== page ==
New ptj Issue
Management & Recruitment
Changing How we Educate Engineers in Industry
Michelle Unger >>> ROSEN Group
Corrosion Prevention
For a century now, DENSO Group Germany represents experience, quality and reliability for corrosion prevention and sealing technology
The Advantages of DVGW TSM – a Technical Safety Management System
Peggy Zeppei >>> ONTRAS Gastransport
Life Long Learning and Career Development in Using a Web-Based Knowledge Network
Dr. Robert Stein >>> Prof. Dr.-Ing. Stein & Partner
Engineering Development Prepares the Next Generation of Pipeline Professionals
Eric Freeman >>> T.D. Williamson
Getting the New Generation to Choose for Pipelines - and KEEP Them!
Cindy Dirkx >>> IRM Systems / Young Pipeline Professionals Europe

Nuns build open-air chapel to protest natural gas pipeline

A simple outdoor chapel like this one in California can cause problems for pipeline operators (LunaseeStudios / Shutterstock)

There is more than just one way to protest and delay a pipeline. In Lancaster County, Pennsylvania, a group of Catholic nuns is fighting against a natural gas pipeline that would run beneath land they own in a unique way by setting up an open-air chapel for people to visit.

The action, hosted by grass-roots opposition group Lancaster Against Pipelines, is called "Stand With the Sisters" and is in support of a Catholic order of women in opposition to the pipeline. The land in questions is located in West Hempfield Township and stands in the path of the Atlantic Sunrise Project, a pipeline for natural gas being pursued by Williams Partners to extend the Transco pipeline system that already runs from Texas to New York. Even though the nuns have not wanted their land used for the pipeline, the Federal Energy Regulatory Commission has approved the pipeline, pointing to eminent domain.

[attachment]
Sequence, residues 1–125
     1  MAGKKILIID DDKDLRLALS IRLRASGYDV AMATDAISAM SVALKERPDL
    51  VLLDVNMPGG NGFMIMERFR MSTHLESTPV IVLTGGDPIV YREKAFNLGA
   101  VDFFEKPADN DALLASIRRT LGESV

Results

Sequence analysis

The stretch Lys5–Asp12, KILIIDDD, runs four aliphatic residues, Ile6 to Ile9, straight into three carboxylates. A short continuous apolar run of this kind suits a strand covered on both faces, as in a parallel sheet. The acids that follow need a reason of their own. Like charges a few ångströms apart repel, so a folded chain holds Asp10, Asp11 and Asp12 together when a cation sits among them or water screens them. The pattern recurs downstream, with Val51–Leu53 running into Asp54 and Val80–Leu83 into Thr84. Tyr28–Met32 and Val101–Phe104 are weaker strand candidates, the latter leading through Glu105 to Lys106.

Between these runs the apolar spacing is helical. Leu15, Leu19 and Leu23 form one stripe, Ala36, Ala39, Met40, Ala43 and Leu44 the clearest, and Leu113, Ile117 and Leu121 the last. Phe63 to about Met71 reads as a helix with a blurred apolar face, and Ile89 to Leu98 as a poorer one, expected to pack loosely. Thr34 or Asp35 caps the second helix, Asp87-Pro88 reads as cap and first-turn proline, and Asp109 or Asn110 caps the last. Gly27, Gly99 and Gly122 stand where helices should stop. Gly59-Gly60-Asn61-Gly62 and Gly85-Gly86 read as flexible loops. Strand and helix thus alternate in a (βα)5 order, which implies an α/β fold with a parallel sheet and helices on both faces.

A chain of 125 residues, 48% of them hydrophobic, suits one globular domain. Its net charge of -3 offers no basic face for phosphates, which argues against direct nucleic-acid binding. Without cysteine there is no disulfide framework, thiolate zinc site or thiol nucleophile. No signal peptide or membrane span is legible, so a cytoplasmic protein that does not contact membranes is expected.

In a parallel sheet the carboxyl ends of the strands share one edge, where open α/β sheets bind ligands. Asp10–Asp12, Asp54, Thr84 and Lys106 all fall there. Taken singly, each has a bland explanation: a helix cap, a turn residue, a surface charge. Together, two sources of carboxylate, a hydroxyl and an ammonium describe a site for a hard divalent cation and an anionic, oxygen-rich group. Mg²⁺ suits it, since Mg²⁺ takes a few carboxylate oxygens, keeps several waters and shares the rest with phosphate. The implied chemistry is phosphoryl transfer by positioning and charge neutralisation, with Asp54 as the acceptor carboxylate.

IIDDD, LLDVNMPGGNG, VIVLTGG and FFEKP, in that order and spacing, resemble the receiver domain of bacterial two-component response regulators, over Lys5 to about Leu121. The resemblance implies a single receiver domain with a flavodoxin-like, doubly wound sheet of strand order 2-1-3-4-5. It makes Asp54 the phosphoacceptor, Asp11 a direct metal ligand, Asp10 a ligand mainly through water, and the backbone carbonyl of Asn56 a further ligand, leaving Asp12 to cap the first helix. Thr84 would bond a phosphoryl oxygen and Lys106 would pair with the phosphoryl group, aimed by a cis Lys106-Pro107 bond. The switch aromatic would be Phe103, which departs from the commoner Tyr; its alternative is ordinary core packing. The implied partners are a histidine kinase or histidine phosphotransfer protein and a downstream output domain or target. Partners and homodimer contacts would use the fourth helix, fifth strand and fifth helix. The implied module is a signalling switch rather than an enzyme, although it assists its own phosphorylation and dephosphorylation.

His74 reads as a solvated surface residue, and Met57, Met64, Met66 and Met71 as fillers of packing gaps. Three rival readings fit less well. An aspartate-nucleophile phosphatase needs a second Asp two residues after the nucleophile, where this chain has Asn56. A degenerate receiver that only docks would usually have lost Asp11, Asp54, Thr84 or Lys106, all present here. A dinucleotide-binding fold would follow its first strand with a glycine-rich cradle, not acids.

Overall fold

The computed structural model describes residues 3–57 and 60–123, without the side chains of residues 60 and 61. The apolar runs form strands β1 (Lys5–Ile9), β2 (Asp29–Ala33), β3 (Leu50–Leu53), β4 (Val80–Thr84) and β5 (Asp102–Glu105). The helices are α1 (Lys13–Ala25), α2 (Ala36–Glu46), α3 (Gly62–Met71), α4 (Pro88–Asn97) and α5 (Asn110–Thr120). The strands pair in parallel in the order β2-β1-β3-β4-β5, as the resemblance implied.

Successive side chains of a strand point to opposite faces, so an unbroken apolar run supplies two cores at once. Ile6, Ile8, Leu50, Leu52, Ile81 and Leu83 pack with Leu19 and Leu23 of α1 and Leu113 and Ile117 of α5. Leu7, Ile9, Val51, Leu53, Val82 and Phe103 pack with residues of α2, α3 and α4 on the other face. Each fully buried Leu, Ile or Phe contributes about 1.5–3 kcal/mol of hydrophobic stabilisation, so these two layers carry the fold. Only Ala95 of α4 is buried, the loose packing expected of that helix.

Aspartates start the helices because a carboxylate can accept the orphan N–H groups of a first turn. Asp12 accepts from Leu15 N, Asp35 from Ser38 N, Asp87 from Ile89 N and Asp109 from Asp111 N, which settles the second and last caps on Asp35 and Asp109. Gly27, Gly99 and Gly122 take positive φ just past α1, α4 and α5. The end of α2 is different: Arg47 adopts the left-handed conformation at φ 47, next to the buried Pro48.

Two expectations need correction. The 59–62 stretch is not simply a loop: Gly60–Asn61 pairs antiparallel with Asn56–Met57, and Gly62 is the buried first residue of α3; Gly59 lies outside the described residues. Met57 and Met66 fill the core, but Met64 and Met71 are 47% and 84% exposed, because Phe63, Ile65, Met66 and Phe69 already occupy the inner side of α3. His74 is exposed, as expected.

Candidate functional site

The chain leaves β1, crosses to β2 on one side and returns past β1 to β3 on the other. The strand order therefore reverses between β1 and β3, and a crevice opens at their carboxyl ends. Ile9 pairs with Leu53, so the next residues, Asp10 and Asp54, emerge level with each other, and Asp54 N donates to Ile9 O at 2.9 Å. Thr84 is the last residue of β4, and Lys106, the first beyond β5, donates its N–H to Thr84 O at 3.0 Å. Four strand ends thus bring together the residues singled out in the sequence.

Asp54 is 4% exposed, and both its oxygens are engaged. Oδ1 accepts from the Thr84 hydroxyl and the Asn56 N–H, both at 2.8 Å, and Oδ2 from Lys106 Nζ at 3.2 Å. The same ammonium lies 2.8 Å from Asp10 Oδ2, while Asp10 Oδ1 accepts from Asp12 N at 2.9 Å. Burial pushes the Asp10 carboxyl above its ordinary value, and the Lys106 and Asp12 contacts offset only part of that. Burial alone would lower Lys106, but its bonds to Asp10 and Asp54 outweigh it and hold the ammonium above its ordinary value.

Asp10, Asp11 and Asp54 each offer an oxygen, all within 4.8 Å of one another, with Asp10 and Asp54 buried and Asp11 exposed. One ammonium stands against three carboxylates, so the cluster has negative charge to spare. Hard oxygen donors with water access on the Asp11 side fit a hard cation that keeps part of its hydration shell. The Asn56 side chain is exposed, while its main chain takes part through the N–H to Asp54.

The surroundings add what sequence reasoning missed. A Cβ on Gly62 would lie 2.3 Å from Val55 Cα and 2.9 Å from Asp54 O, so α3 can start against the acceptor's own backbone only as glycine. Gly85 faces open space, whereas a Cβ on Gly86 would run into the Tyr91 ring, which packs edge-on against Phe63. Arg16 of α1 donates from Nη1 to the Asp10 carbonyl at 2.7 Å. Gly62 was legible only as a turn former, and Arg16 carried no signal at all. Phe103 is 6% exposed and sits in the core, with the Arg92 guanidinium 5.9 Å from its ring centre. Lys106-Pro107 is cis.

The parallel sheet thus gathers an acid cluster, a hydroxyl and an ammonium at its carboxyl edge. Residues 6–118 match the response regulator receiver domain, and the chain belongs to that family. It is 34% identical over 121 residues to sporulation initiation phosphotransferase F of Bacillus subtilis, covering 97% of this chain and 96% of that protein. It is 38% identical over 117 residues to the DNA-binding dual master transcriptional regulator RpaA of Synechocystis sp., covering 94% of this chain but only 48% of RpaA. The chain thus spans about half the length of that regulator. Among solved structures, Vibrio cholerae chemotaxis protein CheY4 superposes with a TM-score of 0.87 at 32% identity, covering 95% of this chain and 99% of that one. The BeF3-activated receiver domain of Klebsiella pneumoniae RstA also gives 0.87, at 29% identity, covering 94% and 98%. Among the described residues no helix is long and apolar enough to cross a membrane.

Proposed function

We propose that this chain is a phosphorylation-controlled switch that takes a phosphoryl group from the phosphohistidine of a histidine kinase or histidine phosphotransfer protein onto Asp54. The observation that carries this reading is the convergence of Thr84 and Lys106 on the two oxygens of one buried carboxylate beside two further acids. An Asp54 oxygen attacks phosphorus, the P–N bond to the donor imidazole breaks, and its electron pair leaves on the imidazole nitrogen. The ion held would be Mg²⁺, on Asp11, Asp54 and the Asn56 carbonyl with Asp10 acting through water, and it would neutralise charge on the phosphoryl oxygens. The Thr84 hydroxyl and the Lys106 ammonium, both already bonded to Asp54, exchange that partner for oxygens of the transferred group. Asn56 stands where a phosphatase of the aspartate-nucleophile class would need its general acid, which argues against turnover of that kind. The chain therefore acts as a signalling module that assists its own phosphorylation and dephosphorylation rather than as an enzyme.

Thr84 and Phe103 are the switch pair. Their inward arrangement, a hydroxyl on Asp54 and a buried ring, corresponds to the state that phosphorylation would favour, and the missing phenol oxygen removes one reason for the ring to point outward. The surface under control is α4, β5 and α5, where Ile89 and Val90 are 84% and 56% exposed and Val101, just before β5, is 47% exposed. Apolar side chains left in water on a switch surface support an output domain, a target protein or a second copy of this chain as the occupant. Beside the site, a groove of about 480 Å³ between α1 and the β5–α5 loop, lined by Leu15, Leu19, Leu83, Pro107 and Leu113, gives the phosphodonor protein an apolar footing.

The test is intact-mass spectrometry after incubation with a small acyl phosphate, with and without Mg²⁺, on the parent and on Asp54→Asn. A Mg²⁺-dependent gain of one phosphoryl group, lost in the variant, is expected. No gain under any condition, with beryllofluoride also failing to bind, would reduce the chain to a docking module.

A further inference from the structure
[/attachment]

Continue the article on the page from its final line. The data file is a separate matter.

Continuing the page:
The nuns say that the pipeline project goes against their land ethic. In a visible symbol of protest, the nuns allowed Lancaster Against Pipelines to construct this outdoor chapel. They said in a statement they know the pipeline company might call for the chapel’s removal, but “believe that having this structure on their land, for however long, gives tangible witness to the sacredness of Earth.”

According to Lancaster Online, around 300 people showed up for the opening ceremony last weekend. A Williams Partners spokesperson referred to the chapel as a “blatant attempt to impede pipeline construction.”

Add new comment


Subscribe for free in order to get the next issue of Pipeline Technology Journal and the bi-weekly ptj Newsletter directly into your mailbox. You could unsubscribe at any time if you wish.



Admir Celovic
Phone: : +49 (0)511 90 99 2-20

Contact Page
Go to top